“Ask any racer. Any real racer. It don’t matter if you win by an inch or a mile. Winning’s winning.”
Seems like just yesterday street racing was all the rage! Street racing and its culture are at the forefront of The Fast and the Furious, and it is a culture that has its own code and social mores. It is a culture that LAPD officer and FBI agent hopeful Brian O’Conner (Paul Walker) has been infiltrating for months.
On the LAPD’s radar is a street gang led by a man named Dominic Toretto (Vin Diesel), who all are prime suspects in a recent wave of stolen high priced electronic items from big rigs. As O’Connor gets closer and closer to thine enemy, his loyalties become tested, not just to Dom but his sister Mia (Jordana Brewster) as well. Perhaps Brian is better suited for this street racing thing in comparison to enforcing the law.
Yours truly isn’t ready to say that street racing is dead (I live in the Midwest now instead of the West, a area in love with street racing), but it may not be too crazy to say that interest has been waning for a while now. There was a time where it seemed like many I personally knew romanticized the culture and the life, as well as hailing The Fast and the Furious as the best movie of all time. While that last statement is probably pushing it ever so slightly, even 13 years later, TFATF is still a cool and pretty entertaining 106 minute ride to watch.
While it is an entertaining flick that spawned a lucrative franchise with tons of fan support, this franchise doesn’t cater to a vast audience like say the Marvel movies or the Harry Potter movies do. It really is less “inclusive” from a moviegoers standpoint than the average action. Chances are if the first did nothing for you, you never came back to the franchise or have any inclination to do so even with the later changes.
As for the actual movie itself, while TFATF may be a bit dated with just how much it focuses on street racing, subsequent culture, and a possible over-glorification of such a dangerous practice, the culture and racing aspects are captured in great detail by director Rob Cohen. Here, Cohen appears to be successful in detailing the atmosphere of what illegal racing and the underground scene is like.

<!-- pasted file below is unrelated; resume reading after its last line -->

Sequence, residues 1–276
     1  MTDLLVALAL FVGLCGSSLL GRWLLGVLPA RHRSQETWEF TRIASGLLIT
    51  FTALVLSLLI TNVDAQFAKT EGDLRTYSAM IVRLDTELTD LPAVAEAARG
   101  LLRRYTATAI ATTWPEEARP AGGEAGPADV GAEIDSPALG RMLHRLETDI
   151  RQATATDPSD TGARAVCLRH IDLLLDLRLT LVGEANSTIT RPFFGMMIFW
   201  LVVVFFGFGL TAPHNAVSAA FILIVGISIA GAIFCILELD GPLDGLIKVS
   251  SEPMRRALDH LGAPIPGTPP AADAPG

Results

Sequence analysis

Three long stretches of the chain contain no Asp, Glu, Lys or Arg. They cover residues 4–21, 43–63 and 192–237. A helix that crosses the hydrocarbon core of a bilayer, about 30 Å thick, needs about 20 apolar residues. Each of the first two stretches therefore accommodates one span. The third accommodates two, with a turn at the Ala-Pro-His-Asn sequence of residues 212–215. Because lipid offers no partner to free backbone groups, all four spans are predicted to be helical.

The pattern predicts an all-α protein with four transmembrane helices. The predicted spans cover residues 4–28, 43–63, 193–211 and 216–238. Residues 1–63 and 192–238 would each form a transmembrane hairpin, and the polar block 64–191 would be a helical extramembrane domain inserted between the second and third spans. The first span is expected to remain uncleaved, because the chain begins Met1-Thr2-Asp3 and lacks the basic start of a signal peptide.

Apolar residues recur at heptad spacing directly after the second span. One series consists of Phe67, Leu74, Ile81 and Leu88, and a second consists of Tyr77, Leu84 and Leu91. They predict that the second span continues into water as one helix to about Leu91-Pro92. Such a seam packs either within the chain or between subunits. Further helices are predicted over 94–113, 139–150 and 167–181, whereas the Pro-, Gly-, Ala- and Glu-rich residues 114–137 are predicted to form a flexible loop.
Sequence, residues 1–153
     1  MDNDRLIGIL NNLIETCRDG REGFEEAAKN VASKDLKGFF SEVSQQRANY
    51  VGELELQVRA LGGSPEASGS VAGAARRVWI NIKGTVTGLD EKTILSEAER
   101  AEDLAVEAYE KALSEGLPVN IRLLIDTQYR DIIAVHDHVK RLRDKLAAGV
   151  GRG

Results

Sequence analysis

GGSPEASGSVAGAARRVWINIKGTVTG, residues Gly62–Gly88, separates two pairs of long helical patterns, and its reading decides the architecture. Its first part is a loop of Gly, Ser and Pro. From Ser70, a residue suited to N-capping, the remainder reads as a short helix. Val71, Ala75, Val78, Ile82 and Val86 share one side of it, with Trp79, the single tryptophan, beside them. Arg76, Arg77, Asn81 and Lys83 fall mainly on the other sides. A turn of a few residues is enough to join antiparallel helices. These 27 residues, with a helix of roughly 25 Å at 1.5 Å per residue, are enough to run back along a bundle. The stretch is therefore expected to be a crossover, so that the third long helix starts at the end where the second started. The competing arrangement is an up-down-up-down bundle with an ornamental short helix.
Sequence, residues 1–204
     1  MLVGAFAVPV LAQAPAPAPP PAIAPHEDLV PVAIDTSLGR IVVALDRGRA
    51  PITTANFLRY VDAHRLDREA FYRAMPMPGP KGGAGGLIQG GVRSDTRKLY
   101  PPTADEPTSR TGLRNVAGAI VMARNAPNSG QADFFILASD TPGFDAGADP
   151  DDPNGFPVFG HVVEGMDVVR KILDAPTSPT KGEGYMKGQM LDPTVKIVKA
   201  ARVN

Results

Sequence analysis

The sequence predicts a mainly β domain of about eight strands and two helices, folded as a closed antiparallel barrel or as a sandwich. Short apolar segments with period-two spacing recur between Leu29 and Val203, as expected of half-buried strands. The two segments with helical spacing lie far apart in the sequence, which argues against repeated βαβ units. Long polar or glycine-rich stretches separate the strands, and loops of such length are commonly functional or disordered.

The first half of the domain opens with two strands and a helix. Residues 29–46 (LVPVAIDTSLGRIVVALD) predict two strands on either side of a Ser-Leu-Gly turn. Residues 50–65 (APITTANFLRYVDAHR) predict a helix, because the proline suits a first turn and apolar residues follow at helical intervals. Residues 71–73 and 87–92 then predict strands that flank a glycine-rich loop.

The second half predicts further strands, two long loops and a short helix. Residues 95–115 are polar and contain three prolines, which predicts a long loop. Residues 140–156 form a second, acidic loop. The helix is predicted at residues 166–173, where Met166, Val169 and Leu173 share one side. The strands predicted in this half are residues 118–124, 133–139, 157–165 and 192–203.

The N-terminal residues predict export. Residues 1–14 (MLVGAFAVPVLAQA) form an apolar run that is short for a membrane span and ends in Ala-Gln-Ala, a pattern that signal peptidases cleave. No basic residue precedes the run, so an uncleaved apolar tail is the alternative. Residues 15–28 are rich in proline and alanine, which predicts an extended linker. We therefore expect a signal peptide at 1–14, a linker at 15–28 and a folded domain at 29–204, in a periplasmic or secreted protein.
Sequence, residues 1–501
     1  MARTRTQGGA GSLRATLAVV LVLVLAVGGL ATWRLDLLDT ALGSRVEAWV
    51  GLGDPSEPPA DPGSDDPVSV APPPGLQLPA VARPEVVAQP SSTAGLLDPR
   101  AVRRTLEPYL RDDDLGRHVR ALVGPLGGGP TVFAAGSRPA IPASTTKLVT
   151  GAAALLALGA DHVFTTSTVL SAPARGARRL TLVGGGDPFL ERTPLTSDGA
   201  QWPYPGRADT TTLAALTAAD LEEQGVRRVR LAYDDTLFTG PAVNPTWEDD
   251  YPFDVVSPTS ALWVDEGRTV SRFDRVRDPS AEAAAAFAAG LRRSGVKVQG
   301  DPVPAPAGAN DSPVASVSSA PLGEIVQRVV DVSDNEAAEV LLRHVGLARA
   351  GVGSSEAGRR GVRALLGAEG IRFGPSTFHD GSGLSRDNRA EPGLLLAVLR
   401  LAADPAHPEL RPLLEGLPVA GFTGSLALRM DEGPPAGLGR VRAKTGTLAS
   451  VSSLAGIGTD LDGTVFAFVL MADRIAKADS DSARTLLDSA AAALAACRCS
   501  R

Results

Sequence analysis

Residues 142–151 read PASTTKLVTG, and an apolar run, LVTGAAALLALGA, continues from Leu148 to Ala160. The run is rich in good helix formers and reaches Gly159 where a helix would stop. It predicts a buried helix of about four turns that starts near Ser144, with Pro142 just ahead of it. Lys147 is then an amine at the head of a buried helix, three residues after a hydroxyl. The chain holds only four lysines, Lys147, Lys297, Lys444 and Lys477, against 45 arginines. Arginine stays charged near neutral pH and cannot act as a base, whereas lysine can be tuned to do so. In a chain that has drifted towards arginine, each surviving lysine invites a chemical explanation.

Even if some details are not in line to what occurs in the everyday scene, it isn’t hard to imagine that the popularity of the film may have influenced the real life happenings in the subsequent years after the release. Most importantly, he has a flair for filming one of the more important hooks in the movie: the racing. He utilizes the right effects to create a real sense of speed and acceleratio , which is amplified by the unique colors found here. This is not a dull-looking film from a tint perspective, with all types of greens, oranges, yellows, and warm filter throughout, and they seem to “pop” which seems to give even more speed to all of the numerous races and fast-paced moments.
There’s a story in The Fast and The Furious, but as expected it is pretty basic, but also adequate and functional. No one would ever describe it as deep and meaningful, though surprisingly, family and being true to one’s self are done at a fine and un-cheesy or sappy level. Between the racing and action scenes, they exist to make TFATF a sliver more than balls out adrenaline and machismo.
Now, the actual writing on the other hand as it pertains to dialogue? Let’s just call it mediocre at best and stuck in reverse at worst. Again, it is unreasonable to desire a high quality of talking with a film like this, but man, talking about the tuna, how one stands by their car, and never “narcing” on nobody carries a high amount of cringe with it. Yours truly just rolls with it; it is one of the film’s (and franchise’s, really) calling cards, and at this point the stuff works well as unintended comedy.
Anchored may be an incorrect description, but TFATF puts most of its focus on Vin Diesel and Paul Walker. In regards to their acting chops, neither possesses supreme talent but both are fun to watch in the right environment, like so here. Despite a lack of great skill, both do have a real screen presence about them and always have, and seem to be at their respective bests when in the F&F universe.
Walker and Diesel show the makings of a good rivalry/partnership in this first installment, and for whatever limitations had they don’t seem to matter much here. The rest of the cast supplements these two nice enough, even if they are stereotypical to an extent. The only performance that stands out in a bad way is Michelle Rodriguez’s, who doesn’t even look like she is trying much at all, probably because she is the same character in just about everything she finds herself in.
Yours truly probably hasn’t said anything that would be shocking to anyone who is reading this. For some, these movies will always be treated like poison to the film industry beginning with this one, akin to a Bugatti or Ford E-150 being bad for the environment. For others, The Fast and the Furious is a supercharged, NOS-fueled ride with more than enough under the hood to power across the finish line in good shape.
Photo credits go to wikipedia.org, furiouscinema.com, and speeddoctor.net.
Follow the MovieMan @MovieManJackson.